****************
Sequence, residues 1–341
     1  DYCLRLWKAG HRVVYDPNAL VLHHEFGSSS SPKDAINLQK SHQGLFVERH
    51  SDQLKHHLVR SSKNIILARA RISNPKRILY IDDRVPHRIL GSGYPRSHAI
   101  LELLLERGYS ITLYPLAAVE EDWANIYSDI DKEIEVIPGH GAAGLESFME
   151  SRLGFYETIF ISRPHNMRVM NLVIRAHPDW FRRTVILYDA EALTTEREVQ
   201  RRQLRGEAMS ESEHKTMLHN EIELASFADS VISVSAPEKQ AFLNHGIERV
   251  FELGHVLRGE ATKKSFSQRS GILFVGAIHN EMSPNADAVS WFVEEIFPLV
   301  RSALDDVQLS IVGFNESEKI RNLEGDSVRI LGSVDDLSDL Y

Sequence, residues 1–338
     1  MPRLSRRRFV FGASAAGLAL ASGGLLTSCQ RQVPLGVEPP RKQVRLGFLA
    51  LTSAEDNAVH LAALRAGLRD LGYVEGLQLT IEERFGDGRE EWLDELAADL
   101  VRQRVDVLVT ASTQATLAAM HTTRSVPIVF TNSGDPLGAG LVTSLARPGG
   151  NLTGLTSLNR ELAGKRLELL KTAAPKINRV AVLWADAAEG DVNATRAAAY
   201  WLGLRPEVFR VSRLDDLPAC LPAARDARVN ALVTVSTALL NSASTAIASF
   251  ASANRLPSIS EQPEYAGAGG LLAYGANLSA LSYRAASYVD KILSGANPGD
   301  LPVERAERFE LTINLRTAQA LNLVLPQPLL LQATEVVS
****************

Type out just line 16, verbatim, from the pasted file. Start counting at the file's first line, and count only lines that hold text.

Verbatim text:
   301  LPVERAERFE LTINLRTAQA LNLVLPQPLL LQATEVVS